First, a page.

Machine learning applications have been growing in volume and scope rapidly over the last few years. What’s Causal inference, how is it different than plain good ole’ ML and when should you consider using it? In this report I try giving a short and concrete answer by using an example.
You can also see the original blog post here.
A typical data science task
Imagine we’re tasked by the marketing team to find the effect of raising marketing spend on sales. We have at our disposal records of marketing spend (mkt), visits to our website (visits), sales, and competition index (comp).
We’ll simulate a dataset using a set of equations (also called structural equations):
All data presented in graphs or used to fit models below is simulated from the above equations.
Below are the first few rows of the dataset:
Our goal is to predict the effect of raising marketing spend on sales which is 0.15 from the set of equations above, using product decomposition:
Common analysis approaches
First approach: plot bi-variate relationship
Many of us would start off by plotting a scatter plot of sales by marketing:
We can see that the relationship seen in the graph is actually the opposite of what we’d expected! It looks like increasing marketing actually decreases sales. Indeed, not only correlation isn’t causation, at times it can show a relation opposite to the true causation.
Fitting a simple linear model:
would yield the following coefficients: (note r is a regression coefficient where’s beta is a true parameter in the structural equations)
Confirming that we get a vastly different effect than the one we were looking for (0.15).
Second approach: Use ML model with all available features
One might postulate that looking on a bi-variate relation amounts to using only 1 predictor variable, but if we were to use all of the available features we might be able to find a more accurate estimate.
When running the regression
We get the following coefficients:
Now it looks like marketing spend has almost no effect at all! Since we simulated the data from a set of linear equations we know that using more sophisticated models (e.g. XGBoost, GAMs) can’t produce better results (I encourage the skeptic reader to try this out by re-running the Rmd script used to produce this report).
Maybe we should consider the relation between features too…
Quite baffled by the results obtained so far we turn to consult the marketing team and we learn that in highly competitive markets the team would usually increase marketing spend (this is reflected in the coefficient above). So it’s possible that competition is a “confounding” factor: when we observe high marketing spend there’s also high competition thus leading to lower sales.
Also, we notice that marketing probably affects visits to our site and those visits in turn affect sales.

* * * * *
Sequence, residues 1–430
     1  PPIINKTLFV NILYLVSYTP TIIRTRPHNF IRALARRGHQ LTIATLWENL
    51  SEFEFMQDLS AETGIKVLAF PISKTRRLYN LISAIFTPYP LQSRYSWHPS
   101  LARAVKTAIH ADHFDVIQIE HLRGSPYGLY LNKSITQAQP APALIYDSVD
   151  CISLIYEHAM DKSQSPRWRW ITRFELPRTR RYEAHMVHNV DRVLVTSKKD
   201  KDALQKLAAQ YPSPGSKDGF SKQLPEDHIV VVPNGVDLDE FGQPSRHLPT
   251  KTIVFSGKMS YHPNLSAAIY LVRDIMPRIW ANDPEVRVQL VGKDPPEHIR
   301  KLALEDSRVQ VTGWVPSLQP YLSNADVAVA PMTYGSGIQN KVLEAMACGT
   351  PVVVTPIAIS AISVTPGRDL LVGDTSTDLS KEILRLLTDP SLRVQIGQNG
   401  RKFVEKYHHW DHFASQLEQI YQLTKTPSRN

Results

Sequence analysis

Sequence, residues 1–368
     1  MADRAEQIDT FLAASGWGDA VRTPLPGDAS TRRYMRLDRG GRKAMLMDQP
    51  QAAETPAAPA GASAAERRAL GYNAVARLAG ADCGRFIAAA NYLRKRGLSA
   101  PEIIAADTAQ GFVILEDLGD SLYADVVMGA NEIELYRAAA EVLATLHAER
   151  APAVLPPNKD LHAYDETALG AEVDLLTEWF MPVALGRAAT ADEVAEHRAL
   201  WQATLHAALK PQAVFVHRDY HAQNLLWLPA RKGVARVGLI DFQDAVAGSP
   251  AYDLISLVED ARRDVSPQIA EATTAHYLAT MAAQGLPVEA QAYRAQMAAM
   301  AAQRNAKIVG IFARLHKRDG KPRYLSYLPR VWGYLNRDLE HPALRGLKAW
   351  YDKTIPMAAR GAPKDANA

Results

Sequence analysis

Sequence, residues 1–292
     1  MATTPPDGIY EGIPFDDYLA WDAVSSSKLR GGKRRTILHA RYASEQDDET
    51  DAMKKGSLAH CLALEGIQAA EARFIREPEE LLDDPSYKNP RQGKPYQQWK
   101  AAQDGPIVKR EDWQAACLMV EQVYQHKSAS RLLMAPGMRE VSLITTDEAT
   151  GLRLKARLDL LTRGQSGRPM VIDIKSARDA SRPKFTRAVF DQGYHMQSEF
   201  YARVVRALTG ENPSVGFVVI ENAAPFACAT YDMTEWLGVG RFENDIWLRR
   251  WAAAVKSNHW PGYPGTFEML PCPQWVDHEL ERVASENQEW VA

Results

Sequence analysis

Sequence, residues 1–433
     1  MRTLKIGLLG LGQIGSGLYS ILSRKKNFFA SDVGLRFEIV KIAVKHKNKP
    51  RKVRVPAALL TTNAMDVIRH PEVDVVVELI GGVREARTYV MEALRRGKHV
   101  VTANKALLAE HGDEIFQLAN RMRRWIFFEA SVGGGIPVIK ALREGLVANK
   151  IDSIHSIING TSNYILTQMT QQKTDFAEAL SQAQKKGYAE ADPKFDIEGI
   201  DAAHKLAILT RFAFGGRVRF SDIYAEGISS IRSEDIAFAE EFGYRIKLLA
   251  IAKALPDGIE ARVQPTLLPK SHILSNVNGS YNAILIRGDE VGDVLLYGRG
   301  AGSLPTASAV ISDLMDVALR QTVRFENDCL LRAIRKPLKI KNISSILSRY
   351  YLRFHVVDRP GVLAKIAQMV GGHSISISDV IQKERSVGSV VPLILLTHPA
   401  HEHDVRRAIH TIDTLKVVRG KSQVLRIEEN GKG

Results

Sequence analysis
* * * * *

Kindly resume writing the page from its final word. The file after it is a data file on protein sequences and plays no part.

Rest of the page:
We can visualize these feature inter-dependencies with a directed a-cyclic graph (DAG):
So it would make sense to account for the confounding competition by adding it to our regression. Adding visits to our model however somehow “blocks” or “absorbs” the effect of marketing on sales so we should omit it from our model.
Fitting the model
yields the coefficients below:
Now we finally got the right effect estimate!
The way we got there was a bit shaky though. We came up with general concepts such as “confounding” and “blocking” of features. Trying to apply these to datasets consisting of tens of variables with complicated relationships would probably prove tremendously hard.
So now what? Causal inference!
So far we’ve seen that trying to estimate the effect of marketing spend on sales by examining bi-variate plots can fail bad. We’ve also seen that standard ML practices of throwing all available features into our model can fail too. It would seem we need to carefully construct the set of covariates included in our model in order to obtain the true effect.
In causal inference this covariate set is also termed “adjustment set”. Given a model DAG we can utilise various algorithms that rely on rules very much like those mentioned above such as “confounding” and “blocking”, to find the correct adjustment set.
One of the most basic algorithms that can obtain the correct adjustment set is the “Backdoor-criteria” developed by J. Pearl. In a nutshell it seeks adjustment sets that block every “spurious” paths between our “exposure” variable (e.g. marketing) and “outcome” variable (e.g. sales) while keeping directed paths open.
Consider for example the DAG below where we’re interested in finding the effect of x5 on x10:
Using the backdoor-criterion (implemented in the R package “dagitty”) we can find the correct adjustment set:
How to obtain model DAGs?
Finding the model DAG can be admittedly challenging. It can be done using any combination of the following:
- Use domain knowledge
- Given a few candidate model DAGs one can perform statistical tests to compare their fit to the data at hand
- Use search algorithms (e.g. those implemented in the R “mgm” or “bnlearn” packages)
I’ll touch upon this subject in more breadth in a future post.
To anyone curious to learn a bit more about the questions I’ve tried to answer in this report I’ll recommend reading the light-weight Technical Report by Pearl: The Seven Tools of Causal Inference with Reflections on Machine Learning
For a more in-depth introduction to Causal inference and the DAG machinery I’d recommend getting Pearl’s short book: Causal Inference in Statistics — A Primer
For the full script reproducing this post see Rmd script
You can also check out my blog post and join the discussion